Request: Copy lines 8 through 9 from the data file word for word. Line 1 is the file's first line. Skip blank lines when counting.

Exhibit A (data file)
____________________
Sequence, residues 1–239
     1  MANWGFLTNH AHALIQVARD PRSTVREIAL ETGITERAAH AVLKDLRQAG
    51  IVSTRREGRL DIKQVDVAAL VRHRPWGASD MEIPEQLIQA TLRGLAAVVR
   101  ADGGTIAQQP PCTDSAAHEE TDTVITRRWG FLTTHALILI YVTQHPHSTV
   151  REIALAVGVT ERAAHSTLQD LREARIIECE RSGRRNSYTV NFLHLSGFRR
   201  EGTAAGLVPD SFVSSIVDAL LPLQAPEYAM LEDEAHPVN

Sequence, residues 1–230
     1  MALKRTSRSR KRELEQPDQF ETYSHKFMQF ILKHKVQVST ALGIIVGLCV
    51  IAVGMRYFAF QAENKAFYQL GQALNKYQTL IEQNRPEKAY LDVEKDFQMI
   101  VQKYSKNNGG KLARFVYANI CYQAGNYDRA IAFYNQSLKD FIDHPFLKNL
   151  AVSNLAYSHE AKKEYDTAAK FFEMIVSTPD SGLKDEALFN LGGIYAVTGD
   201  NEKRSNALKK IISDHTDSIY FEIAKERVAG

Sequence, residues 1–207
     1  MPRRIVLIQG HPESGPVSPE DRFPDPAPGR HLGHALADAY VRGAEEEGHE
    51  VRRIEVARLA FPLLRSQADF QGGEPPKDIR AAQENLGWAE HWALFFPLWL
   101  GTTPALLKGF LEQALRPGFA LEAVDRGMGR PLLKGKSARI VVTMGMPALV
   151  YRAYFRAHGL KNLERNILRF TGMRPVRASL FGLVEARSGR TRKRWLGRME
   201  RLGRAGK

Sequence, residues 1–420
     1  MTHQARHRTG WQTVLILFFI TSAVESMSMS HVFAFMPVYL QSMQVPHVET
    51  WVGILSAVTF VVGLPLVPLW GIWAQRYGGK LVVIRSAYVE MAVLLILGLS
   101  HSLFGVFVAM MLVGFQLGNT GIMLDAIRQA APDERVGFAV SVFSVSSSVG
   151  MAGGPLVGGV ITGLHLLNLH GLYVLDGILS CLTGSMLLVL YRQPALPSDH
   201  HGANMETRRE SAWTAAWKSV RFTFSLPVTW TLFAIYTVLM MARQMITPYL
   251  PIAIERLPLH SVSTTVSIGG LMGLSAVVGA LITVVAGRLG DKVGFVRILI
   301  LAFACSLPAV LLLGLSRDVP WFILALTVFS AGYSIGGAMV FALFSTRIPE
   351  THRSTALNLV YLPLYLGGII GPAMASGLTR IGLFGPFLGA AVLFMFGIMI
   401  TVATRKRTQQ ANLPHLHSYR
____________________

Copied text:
     1  MALKRTSRSR KRELEQPDQF ETYSHKFMQF ILKHKVQVST ALGIIVGLCV
    51  IAVGMRYFAF QAENKAFYQL GQALNKYQTL IEQNRPEKAY LDVEKDFQMI